Navajo and Hopi Nations Remain Locked in an Old Energy Dance with Peabody Energy
In their homes, the Navajo and Hopi often burn coal for heat, which leads to a prevalence of respiratory illness. With coal at an average price of $90/ton, it would take $875 worth of wood to obtain the same amount of heat. With electrical transmission lines absent over much of the reservation, electrical heating is not an option. Even if available, electricity would cost far more than coal, wood or sparsely available propane.
The artist Jetsonorama lives in Inscription House, in northeastern Arizona. There he is the only permanent physician at the Indian Health Service's Inscription House Health Center. Although not a Native American, his wheat-paste photo murals periodically appear on crumbling or abandoned walls throughout the Navajo Reservation. Several years ago, at the ruin of the Cow Springs Trading Post, multiple copies of the artist’s work appeared.
A memorable series of Jetsonorama’s posters featured a beautiful Navajo baby. Shown with a large lump of coal looming over its head, the Navajo baby represents Jetsonorama's message that energy from coal contributes to climate change. At the time, he called it, "a metaphorical black cloud over the head of future generations, if we keep burning fossil fuels."
As part of the agreement between Peabody Energy and the Navajo Nation, the Black Mesa Complex is obligated to provide free coal to any local Native American family. In the fall and winter, when residents seek coal for their stoves, trucks and trailers often clog the road up to Black Mesa. Fully twenty-five percent of residential coal stoves on the Navajo Reservation began life burning something other than coal. Free coal or not, unacceptable levels of smoke and ash often enter the living areas of coal-heated homes.
With its three 775 ft. tall flue gas stacks sending coal smoke into the upper atmosphere, local residents may not notice emissions emanating from Navajo Generating Station (NGS). The heat island effect created by NGS keeps a near-permanent updraft operating in the immediate area. Depending on the prevailing winds, however, NGS coal smoke and its nitrous oxide haze may settle near or far, anywhere in Four Corner country. In summer, coal smoke from NGS and other Arizona coal-fired plants affects cities as far away as Durango, Colorado.
The burning of coal near ground-level is more detrimental to the health of local residents than the NGS stack emissions. Burning slowly, but continuously over the winter months, each residential coal stove is a constant source of air and water pollution. It takes relatively few inefficient coal stoves to affect an entire community. In winter, when the air is often cold and still, residential coal smoke pools near its source. Thus, residents of places like Cow Springs, which sits in a depression midway between Black Mesa and NGS, may experience both residential and NGS coal smoke.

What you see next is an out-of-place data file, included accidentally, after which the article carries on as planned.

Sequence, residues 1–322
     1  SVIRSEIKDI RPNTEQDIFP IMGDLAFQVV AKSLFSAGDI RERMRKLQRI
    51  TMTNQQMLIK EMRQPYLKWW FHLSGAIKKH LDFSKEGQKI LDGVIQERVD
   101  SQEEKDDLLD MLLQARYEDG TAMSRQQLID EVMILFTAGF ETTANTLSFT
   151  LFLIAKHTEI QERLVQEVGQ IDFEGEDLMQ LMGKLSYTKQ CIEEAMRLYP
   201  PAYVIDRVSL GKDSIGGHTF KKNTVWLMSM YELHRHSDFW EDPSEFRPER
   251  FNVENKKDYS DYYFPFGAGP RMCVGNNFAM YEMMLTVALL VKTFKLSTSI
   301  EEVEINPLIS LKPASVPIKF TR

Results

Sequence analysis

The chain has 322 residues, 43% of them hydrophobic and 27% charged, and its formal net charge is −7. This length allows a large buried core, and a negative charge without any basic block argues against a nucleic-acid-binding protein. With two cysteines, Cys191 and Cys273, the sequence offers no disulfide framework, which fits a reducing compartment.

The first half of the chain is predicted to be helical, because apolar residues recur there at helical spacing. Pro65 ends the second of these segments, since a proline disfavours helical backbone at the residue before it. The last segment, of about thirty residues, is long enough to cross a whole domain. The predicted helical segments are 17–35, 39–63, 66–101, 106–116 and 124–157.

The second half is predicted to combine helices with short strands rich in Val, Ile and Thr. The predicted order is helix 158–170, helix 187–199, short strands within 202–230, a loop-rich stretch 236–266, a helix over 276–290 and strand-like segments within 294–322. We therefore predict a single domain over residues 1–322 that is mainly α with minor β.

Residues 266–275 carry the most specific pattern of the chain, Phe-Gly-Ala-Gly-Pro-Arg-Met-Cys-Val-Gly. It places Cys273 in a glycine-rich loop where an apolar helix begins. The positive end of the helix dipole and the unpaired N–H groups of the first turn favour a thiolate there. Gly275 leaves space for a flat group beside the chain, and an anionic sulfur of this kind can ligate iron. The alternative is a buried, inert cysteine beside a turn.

I have a proposal for Peabody Energy and its partners, the Navajo Tribal Energy Authority (NTUA), NGS and the Salt River Project (SRP), which owns the Central Arizona Project (CAP). Instead of removing all outward signs of Peabody Energy’s existence from the Navajo Reservation, the coal mining company and its partners should provide relief to the Navajo who need and deserve it most.
At a minimum, the utility consortium should provide pollution controls for any residential coal-burning stove from Kayenta to LeChee. If no such emission-controlled stoves are available, the consortium should provide propane-heating systems to all current coal-burning families. Although they deny it, Peabody Energy has a record of misuse and abuse of the Navajo Nation and its resources. To make up for their excesses, providing subsidized, clean heat and electricity to several thousand Navajo families is the least that they can do.
When writing about coal, water and the Southwest, it is easy to become morose and believe nothing in our fossil-fueled political environment will ever change. However, there is some good news. According to a recent Los Angeles Times article, college students from all over the U.S. are raising their consciousness regarding the effects of fossil fuels. In one college or university after another, groups and individuals now step forward to assert their power. Students who have never seen a coal plant or choked on coal smoke realize that their actions can make a difference to all who breathe.
Student campaigns such as “Fossil Free UC” have made their mark on policy. Recently, the fundraising foundation for San Francisco State University committed to selling stocks and bonds of companies with significant coal and tar sands holdings. If all three hundred colleges and universities targeted by the “fossil free” advocates join in, the true cost of coal mining and coal burning would become obvious. As our collective investment in Old Energy wanes, that capital can migrate to development and construction of new energy alternatives.
The Navajo and Hopi reservations exist within a desert region. Why not use home-based solar on the reservation to decrease dependency on coal fire? If every Navajo home were to feed power back into the electrical grid, "reverse carbon credits" could allow cleaner propane heating to replace residential coal stoves. The result would be a construction boom unlike any ever seen in the Four Corners country.
No worker ever contracted black lung disease while installing solar panels or a propane heating system. With excess energy flowing back into the grid, NGS could power-down to a lower level. As a result, we could save Navajo and Hopi land, water and air resources for the use of future generations.
This is Chapter 4 of a four-part series regarding coal and water in the Southwest. To return to Chapter 1, please click HERE.